Player: Zach Senyshyn
Last Season: Providence Bruins
Stats: 42 GP, 7G, 9A, 16PTS
Acquired: 2015 Draft – 1st round, 15th overall
By now, you’ve probably already made your mind up about Zach Senyshyn. He’ll forever be known as “Not Barzal/Connor/Whoever” by large segments of the Bruins’ fan base, and it’s not entirely undeserved.
Senyshyn was an off-the-board pick when the Bruins chose him midway through the first round in 2015, a kid with scoring pop in the OHL. In the two seasons after he was drafted, it looked like the pick might have been a wise one, as he continued to rack up the points in juniors. However, since he made the jump to the pros in 2017-2018, it’s been a series of fits and starts for Senyshyn.
Those fits and starts have only gotten harder to ignore when one sees the players who were picked after him who have gone on to be NHL regulars. Senyshyn bears the brunt of that 2015 Draft head-shaking, mainly because Jake DeBrusk has panned out and most people understand that a defenseman like Jakub Zboril takes longer to develop. For Senyshyn, that development has been frustrating, to say the least. He’s a player who, by most accounts, can skate well and has good vision. Still, his production at the AHL level hasn’t really been where it needs to be.
Senyshyn has just 40 points in 108 AHL games over the last two seasons, not exactly where you want a first-round pick to be.
In his defense, it’s not his fault that the Bruins chose him that high, and in some way, the outsized expectations are an unfair burden. Still, you want your prospects to trend in the right direction, and that hasn’t always been the case with Senyshyn. Here’s the weird thing: he has appeared in 6 NHL games to this point, and has actually looked fine. He made smart plays with the puck, tended to not stand out in a bad way, and actually produced at 0.5 PPG (1G, 2A).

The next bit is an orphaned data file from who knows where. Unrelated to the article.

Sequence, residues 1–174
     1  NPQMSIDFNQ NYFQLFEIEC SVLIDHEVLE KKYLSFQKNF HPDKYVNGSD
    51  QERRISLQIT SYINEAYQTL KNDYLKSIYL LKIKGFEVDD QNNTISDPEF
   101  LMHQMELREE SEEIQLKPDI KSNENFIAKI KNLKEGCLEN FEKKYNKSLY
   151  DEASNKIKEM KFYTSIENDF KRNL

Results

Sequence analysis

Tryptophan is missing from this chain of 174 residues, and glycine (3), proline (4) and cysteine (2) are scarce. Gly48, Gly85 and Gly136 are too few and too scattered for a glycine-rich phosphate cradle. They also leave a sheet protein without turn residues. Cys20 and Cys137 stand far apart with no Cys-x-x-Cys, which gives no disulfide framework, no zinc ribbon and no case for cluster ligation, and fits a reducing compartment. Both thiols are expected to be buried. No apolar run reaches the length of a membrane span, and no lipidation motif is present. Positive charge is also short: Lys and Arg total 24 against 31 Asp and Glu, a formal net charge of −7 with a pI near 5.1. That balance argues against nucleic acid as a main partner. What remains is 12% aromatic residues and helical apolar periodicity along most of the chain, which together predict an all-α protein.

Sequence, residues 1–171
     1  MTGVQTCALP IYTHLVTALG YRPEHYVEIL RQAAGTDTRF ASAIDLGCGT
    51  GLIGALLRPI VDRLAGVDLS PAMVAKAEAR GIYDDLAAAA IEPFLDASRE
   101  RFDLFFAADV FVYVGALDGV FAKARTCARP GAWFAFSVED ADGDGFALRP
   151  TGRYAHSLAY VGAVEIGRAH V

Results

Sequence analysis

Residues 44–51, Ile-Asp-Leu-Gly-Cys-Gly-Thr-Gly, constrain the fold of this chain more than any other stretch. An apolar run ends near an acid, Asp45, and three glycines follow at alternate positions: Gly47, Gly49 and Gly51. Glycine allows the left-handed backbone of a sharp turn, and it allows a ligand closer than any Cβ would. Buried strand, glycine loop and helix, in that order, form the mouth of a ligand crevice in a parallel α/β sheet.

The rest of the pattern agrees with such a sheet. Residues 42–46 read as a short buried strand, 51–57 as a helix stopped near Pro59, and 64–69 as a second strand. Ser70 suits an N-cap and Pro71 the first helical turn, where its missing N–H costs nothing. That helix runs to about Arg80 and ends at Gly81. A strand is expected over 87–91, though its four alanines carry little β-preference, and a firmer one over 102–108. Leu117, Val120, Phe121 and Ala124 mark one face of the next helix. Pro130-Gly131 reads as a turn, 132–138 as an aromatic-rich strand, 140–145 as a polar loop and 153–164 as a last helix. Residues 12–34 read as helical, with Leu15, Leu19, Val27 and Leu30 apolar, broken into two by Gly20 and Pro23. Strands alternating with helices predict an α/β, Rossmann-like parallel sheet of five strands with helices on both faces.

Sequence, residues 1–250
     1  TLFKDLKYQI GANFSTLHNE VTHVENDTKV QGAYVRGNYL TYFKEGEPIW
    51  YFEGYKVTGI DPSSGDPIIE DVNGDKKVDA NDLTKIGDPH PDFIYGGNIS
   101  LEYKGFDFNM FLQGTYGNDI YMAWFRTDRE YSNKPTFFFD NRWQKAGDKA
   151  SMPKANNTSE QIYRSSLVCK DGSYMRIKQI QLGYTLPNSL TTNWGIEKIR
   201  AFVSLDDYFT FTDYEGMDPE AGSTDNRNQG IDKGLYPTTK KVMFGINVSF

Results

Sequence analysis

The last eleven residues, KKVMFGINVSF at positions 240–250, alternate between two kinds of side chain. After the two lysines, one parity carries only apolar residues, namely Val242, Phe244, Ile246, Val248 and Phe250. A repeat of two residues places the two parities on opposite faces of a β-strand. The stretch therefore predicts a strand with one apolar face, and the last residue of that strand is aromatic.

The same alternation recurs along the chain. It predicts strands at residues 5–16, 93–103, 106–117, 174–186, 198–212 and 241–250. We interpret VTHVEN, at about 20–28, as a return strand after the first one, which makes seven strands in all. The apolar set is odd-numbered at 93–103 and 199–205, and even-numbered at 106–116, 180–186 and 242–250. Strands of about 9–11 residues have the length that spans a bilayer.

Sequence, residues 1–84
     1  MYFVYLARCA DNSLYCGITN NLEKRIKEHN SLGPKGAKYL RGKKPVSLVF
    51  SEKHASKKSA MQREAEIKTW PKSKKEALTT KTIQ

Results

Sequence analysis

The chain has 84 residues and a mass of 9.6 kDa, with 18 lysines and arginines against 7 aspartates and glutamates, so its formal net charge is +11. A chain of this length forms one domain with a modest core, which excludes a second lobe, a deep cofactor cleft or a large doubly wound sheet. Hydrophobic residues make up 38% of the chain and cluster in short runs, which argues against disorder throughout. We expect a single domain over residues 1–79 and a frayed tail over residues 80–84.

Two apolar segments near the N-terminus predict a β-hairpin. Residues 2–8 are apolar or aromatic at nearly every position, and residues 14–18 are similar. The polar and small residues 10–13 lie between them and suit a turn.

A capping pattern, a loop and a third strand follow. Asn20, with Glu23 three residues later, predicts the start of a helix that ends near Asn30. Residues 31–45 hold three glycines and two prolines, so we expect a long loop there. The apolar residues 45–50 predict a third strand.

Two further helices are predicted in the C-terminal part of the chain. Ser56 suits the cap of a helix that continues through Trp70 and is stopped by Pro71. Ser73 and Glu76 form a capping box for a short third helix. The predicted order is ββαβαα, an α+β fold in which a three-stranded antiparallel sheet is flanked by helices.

But with the talent around and ahead of him in the organization, he simply hasn’t done enough to earn or hold on to a long look at the NHL level. Had he been drafted by, say, the Coyotes or another fringe playoff team, there’s a chance that he’d have had a longer run at the NHL level by now, but the Bruins haven’t been “playing for nothing” for quite some time. When a team is in “win now” mode, player development can take a back seat.
There are reasons to be optimistic. Providence head coach Jay Leach said that Senyshyn’s game got stronger and stronger down the stretch this season, and that by year’s end, he was one of Providence’s better players. And again, he has looked pretty good when he’s gotten a chance to play in the NHL. He hasn’t looked like a can’t-miss prospect, but he hasn’t looked totally lost either.
He has talent and has reportedly put in the time to get his all-around game to a better place. He’s working hard and saying all of the right things. But...when is it going to pay off?
This is likely a “now or never” year for Senyshyn and Boston. His contract is actually up, but it’s hard to see the Bruins letting him walk away right now, especially given the furor around the pick. He’ll likely be back for the league minimum.
However, Senyshyn will (per CapFriendly) be subject to waivers this season (as will Jakub Zboril), given that it’ll have been 5 years since he signed his ELC. While it’s unlikely that a team would try to grab him out of training camp, the Bruins will have to give a little more thought to potential call-ups.
This, in turn, could limit his call-up opportunities, which would stunt his development...not ideal all around. The organization has been patient with Senyshyn. They have to be, given how they’ve been raked over the coals for the pick. But patience runs out eventually.
The Bruins don’t look to have a ton of holes at forward next season. It’s hard to see Senyshyn making the team out of training camp, but a strong early season in the AHL is a must for the kid if he wants to make the jump.
If he gets another chance, he needs to run with it, as it’ll likely be his last one in Boston.
Projection for next year: Providence, with a decent NHL call-up by mid-season. What can I say? I’m an optimist.